Stephens appeals his conviction for armed robbery and sentence to 15 years. We affirm.
The state produced evidence to show a convenience store in Clayton County was robbed at 9:20 p.m. by a tall, thin black male armed with a silver pistol who demanded money and ordered the clerk not to "pull the bill" which would take his picture. The clerk did not pull the bank note from the register which would have activated an in-store camera, and she gave the robber some $40 in currency. A female customer and her child were near the check-out counter at the time of the robbery, and this adult witness and the clerk positively identified Stephens as the robber. They also testified he was dressed in an old "Budweiser fishing hat," a white tank-type shirt and green trousers. They also agreed that he wore brown platform shoes, but the mother thought he wore a flowered shirt. Another state's witness testified that at the approximate time of the robbery, he saw a black Cadillac, occupied by three persons, speed away from the store. About twenty minutes later, a convenience store in Fulton County was robbed by a tall, thin black male brandishing a silver pistol who demanded money and instructed the clerk not to "pull the bill" that would take his picture. This clerk pulled all of the one-dollar bills from the register, activating an in-store camera which photographed the robbery in progress. This witness was permitted to testify in the trial of the case here on appeal. She positively identified Stephens as the robber who was wearing a tan fishing hat, tan trousers, a white flowered shirt and brown platform shoes. She also testified she gave Stephens $60 in currency and watched him leave the store, get into the driver's side of a black Cadillac and drive away. The film taken of the robber at the Fulton store was also submitted into evidence by the prosecution during the testimony by the Fulton store clerk. Upon cross examination, the defense counsel also ran the film and at the conclusion of testimony by the clerk, upon request of a juror, the film was run a third time. After the robbery in Fulton County, police, acting upon a telephone tip, arrested Stephens and seized a "Budweiser fishing hat," a white tank-type shirt, a pair of green trousers and a pair of brown platform shoes together with $47 in currency.
1. "Evidence of the commission of one crime is not admissible on the trial of the defendant for another crime, where the sole purpose is to show that the defendant is guilty of such other crime; but such evidence is admissible where there is some logical connection between the two from which it can be said that the proof of the one tends to establish the other; as where the extraneous crime forms part of the res gestae, or tends to prove malice, intent, motive, or the like." Wilson v. State, 173 Ga. 275, 283 (2) (160 SE 319) (1931). Also see Cawthon v. State, 119 Ga. 395 (4-5) (46 SE 897) (1903). The film and the testimony of the clerk from the Fulton County store were admissible because there was a logical connection between the two crimes. Therefore, appellant's enumeration of error charging such evidence put his character into evidence, was highly prejudicial and put him on trial for an offense for which he had prepared no defense is without merit.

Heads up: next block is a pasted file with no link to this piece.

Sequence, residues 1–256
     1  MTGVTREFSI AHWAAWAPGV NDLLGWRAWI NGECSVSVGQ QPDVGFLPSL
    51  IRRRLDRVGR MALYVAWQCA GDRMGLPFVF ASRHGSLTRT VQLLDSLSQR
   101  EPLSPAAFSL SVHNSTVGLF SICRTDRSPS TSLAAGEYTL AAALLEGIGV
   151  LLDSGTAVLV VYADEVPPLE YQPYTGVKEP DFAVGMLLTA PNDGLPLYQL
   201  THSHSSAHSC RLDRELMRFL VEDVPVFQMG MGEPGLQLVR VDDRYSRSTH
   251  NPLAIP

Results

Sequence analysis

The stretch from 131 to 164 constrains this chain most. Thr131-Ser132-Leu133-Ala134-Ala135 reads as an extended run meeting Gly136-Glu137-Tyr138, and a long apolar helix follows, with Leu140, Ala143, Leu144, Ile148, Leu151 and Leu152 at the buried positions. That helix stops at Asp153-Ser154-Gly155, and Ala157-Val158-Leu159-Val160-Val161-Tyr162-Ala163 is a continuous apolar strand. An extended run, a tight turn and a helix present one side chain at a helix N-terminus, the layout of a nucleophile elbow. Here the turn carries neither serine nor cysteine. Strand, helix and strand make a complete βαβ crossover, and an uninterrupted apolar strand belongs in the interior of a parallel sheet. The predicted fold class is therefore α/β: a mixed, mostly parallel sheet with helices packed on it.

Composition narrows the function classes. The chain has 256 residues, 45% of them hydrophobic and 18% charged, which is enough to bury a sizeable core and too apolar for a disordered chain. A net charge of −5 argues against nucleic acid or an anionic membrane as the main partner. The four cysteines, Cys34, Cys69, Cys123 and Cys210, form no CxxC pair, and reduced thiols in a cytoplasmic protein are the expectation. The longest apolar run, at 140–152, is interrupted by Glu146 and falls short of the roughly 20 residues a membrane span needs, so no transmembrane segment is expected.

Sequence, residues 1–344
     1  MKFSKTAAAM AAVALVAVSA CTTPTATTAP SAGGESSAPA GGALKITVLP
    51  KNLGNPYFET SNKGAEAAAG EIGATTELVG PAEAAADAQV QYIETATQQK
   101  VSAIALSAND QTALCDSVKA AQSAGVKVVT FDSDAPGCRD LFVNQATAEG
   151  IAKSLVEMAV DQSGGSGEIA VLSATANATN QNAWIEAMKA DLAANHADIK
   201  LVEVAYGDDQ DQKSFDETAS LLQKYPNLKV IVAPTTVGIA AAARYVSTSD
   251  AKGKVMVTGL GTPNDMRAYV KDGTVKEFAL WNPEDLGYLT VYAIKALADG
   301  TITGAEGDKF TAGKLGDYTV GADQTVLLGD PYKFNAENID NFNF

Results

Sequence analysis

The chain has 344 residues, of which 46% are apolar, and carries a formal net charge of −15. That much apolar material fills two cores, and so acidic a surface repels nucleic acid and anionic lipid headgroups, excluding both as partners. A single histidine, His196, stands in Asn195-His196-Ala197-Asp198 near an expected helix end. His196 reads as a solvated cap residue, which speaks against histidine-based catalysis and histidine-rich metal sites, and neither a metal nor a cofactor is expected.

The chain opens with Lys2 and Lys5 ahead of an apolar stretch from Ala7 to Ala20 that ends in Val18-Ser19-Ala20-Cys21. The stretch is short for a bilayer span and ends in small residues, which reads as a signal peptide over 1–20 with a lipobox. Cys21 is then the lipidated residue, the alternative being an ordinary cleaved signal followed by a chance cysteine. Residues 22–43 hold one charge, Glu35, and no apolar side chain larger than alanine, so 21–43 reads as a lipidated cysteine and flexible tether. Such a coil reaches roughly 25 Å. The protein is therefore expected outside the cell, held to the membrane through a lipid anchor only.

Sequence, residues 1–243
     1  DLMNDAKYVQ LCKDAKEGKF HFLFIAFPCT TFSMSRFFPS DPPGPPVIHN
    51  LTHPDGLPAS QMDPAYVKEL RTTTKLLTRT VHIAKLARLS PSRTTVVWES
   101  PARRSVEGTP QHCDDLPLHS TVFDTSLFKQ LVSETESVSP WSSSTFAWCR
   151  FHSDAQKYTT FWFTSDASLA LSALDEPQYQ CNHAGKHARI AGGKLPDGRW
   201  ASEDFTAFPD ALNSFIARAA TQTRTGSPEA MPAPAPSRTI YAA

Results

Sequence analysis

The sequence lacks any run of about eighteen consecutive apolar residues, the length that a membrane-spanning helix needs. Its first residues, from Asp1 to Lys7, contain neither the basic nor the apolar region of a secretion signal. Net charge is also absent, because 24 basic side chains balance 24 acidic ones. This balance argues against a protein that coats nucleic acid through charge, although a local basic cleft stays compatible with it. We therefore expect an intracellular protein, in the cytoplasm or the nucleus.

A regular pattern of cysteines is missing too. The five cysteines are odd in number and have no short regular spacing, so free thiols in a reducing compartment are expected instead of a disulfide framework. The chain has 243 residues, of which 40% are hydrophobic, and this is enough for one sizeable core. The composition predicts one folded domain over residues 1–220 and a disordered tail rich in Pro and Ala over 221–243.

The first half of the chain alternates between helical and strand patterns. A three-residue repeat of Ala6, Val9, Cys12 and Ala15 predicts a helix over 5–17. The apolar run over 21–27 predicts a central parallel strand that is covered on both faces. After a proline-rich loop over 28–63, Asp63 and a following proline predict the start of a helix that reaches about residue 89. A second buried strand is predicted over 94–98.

2. Stephens attacks the indictment, arguing it did not sufficiently state that the property taken, i.e., United States currency, had a particular value. He also argues it was error for the trial judge to take judicial notice that United States currency has value. There was no error. The indictment, in pertinent part, accuses Stephens of taking ". . . from the person of Josephine Dresko, the following property, to wit: United States currency of Southland Corporation, d/b/a 7-11 store . . . " The language of the indictment follows closely the language of the statute setting forth the elements of the offense of armed robbery (Code Ann. 26-1902; Ga.L. 1968, pp. 1249, 1298; 1969, p. 810). It offers no obstacle to Stephens preparing his defense; does not prejudice him nor establish a fatal variance because a specific value of the property taken was not stated in the indictment where, as here, ample proof of the amount, type and ownership of such property was introduced by the state. Seabolt v. State, 234 Ga. 356 (1) (216 SE2d 110) (1976)
and cits.; Byers v. State, 236 Ga. 599
, 600 (225 SE2d 26
3. This court has not specifically stated that a trial judge may take judicial notice that United States currency has value and we do so now. United States coins and currency are established by statute as the legal tender for the payment of all debts, public and private, in this country (Pub. L. 89-81, Title I, 102, July 23, 1965, 79 Stat. 255; USCA, Vol. 31, 392, p. 472), and this is a matter of general public knowledge. See Code Ann. 38-112 (Ga. L. 1819, Cobb, 272).
4. There is no merit to appellant's other arguments in support of his motion for new trial.
William H. Ison, District Attorney, Michael D. Anderson, Assistant District Attorney, Arthur K. Bolton, Attorney General, B. Dean Grindle, Jr., Assistant Attorney General, for appellee.